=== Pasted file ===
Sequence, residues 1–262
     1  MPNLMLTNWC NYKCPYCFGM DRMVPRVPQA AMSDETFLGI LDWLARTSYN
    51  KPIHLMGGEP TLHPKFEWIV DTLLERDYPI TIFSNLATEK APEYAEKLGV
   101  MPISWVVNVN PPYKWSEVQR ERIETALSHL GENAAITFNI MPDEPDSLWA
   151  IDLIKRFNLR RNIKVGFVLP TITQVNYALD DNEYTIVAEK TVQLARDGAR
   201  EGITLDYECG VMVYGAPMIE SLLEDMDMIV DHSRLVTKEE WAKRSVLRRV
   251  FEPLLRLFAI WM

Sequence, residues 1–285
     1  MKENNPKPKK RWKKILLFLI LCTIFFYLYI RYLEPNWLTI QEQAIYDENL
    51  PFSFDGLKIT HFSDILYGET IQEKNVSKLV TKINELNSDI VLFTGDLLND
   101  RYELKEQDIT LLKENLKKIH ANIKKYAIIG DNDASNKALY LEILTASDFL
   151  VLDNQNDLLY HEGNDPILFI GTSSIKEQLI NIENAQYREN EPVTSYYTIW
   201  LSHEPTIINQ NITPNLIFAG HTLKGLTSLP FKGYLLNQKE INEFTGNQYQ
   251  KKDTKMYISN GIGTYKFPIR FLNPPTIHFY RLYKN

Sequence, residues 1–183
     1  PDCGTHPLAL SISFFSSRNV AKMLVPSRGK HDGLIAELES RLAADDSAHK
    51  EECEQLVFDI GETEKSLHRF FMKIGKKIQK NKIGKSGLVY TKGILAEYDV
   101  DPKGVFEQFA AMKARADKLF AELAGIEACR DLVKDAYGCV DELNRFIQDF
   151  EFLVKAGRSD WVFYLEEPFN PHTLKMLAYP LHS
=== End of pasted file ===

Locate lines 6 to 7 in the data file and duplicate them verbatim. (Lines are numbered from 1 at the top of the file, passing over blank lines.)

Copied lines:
   201  EGITLDYECG VMVYGAPMIE SLLEDMDMIV DHSRLVTKEE WAKRSVLRRV
   251  FEPLLRLFAI WM